Today's history-conscious column has a very high alcohol content. Please read responsibly.
There are so few original ditties and verses that mention olde Canberra and even older Queanbeyan that your columnist was delighted to stumble across this one in the Queanbeyan Age of August 6, 1926. It's fun to read but those of you who know your Gilbert and Sullivan can even sing it because it fits the melody of the number Our Great Mikado, Virtuous Man from The Mikado.
The background to it is that in 1926 there was still prohibition in Canberra. Liquor wasn't legally sold in Canberra until 1928. Today's column displays a photograph of the very first truckload of stagger juice ever legally delivered to the national capital for legal sale on licensed Canberra premises after Canberrans had voted for a ''wet'' city in a 1928 plebiscite. Look closely and you'll see the wooden crates, still on the truck, stamped with the names of famous breweries.
Until the plebiscite, Canberrans wanting demon drink had to go to Queanbeyan for it. Elsewhere on today's tipsy page, in the ''86 Years Ago'' section, there's a news story about the ''dry'' Canberrans of 1926 using ''wet'' Queanbeyan as their grog shop.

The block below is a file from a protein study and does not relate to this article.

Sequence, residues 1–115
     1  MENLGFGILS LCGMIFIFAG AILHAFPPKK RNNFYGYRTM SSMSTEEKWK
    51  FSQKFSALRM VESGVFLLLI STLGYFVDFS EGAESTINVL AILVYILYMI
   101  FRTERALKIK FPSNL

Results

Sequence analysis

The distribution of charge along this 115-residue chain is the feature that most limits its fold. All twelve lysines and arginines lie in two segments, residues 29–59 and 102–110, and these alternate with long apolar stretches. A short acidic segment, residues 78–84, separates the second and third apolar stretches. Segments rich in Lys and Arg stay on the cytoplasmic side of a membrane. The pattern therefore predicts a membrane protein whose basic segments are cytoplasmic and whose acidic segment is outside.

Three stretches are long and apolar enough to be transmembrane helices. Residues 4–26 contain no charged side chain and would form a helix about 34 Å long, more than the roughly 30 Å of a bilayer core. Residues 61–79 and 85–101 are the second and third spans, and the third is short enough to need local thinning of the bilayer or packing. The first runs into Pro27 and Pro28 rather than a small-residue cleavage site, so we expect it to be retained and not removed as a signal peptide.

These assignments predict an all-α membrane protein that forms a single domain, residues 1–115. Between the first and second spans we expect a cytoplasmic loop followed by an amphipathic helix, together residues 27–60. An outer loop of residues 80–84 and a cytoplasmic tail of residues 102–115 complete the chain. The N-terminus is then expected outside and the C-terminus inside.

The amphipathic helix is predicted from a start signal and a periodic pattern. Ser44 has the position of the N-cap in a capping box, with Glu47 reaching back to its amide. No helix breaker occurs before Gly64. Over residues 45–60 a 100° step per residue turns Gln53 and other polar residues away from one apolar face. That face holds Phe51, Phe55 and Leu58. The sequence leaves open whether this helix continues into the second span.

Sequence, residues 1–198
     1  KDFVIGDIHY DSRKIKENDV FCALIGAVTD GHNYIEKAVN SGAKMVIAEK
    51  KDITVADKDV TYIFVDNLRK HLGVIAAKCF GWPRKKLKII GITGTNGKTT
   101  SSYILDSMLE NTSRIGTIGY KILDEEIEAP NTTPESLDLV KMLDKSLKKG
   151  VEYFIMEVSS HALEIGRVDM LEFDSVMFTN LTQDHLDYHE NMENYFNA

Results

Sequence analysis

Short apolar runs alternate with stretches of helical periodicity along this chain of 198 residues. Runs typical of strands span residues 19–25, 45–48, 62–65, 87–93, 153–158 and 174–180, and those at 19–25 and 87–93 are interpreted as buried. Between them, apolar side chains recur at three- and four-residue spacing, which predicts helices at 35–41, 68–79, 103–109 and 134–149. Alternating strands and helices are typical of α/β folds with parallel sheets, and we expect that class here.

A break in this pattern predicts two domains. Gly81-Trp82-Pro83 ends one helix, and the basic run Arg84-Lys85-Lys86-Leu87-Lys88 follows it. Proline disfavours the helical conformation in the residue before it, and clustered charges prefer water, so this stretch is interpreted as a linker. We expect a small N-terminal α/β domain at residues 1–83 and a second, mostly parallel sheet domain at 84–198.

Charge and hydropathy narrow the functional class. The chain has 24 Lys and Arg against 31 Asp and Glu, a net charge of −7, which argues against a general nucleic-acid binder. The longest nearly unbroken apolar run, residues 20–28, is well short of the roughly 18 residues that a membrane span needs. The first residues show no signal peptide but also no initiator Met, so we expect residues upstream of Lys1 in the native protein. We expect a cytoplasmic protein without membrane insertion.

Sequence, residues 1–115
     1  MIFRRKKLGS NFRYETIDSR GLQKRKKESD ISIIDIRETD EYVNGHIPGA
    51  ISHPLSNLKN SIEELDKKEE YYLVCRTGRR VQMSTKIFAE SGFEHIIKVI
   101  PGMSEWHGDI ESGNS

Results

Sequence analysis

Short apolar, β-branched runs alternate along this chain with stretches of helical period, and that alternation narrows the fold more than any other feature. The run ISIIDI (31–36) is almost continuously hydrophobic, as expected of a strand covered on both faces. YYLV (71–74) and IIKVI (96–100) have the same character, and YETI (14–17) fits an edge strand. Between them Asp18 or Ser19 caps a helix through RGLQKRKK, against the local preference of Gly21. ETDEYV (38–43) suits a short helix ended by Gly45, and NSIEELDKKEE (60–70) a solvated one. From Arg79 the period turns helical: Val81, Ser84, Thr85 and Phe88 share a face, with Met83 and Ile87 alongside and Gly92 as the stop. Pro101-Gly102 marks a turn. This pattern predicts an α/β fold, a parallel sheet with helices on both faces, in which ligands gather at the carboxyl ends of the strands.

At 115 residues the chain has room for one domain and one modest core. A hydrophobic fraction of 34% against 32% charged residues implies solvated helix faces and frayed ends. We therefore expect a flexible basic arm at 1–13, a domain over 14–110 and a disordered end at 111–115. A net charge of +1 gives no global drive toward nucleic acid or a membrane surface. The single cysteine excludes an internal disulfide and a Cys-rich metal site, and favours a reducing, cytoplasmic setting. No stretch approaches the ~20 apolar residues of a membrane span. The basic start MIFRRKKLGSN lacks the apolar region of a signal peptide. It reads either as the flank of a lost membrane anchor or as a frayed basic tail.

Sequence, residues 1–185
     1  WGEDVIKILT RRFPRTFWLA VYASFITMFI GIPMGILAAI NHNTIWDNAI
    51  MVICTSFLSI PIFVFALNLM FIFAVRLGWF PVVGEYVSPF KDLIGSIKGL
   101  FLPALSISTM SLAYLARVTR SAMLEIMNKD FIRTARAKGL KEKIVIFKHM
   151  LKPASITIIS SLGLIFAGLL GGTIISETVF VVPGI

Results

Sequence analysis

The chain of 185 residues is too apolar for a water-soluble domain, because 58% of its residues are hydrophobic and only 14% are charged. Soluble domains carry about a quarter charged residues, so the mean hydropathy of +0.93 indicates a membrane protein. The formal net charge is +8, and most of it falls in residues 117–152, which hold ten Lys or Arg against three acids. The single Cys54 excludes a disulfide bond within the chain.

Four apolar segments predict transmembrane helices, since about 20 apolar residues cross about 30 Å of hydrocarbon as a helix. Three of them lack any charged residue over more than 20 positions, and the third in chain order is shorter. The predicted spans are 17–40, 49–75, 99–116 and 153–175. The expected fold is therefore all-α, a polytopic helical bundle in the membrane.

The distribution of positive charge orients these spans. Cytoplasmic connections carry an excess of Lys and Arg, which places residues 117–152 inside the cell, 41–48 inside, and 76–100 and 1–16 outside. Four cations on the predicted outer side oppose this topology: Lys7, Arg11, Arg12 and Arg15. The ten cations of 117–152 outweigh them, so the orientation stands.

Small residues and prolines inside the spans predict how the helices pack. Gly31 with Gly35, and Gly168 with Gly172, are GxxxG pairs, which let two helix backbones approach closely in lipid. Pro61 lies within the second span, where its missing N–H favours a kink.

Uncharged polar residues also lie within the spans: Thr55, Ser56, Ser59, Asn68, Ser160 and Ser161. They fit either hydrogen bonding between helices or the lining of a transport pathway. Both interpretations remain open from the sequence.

By 1926 there was a strong lobby for allowing Canberra to become ''wet'' and this ditty by ''Jacko'' imagines it will be a strong engine for the end of prohibition when (next year) federal politicians move into the new parliament house and want to be able to lubricate their privileged thoraxes at a grog-serving bar in their Canberra workplace. All together now:
Some years ago each State it sent, wisest men of each Parliament;
Their object was with one intent to frame our Constitution.
They tried to guard our Federal State lest anything deteriorate
Or hinder what we long to make, a healthy evolution.
They framed a Law, no drink should be within Federal Territory
To cause the state of misery it has in every nation.
They placed the wording clear and cold within the Statute's sacred fold
No alcohol it should be sold to cause degeneration.
But now the members felt it hard that Federal House should be debarred
They never meant thus to discard Chambers of Legislation.
A bar within they must provide, their weary spirits to revive,
To help them as they boldly strive to save the situation.
The man who toils to make the sewer, beneath the soil, with air impure
Has got to work and still endure or start making tracks.
It's just the same with every man who wants to fill his billycan,
He's got to go to Queanbeyan to lubricate his thorax.
Why wonder then, the working man tries hard to lift the cursed ban?
And equal rights the only plan to bring such restoration.
It's only breeding civil war,
The war-clouds thicken more and more,
They're well nigh thundering at the door.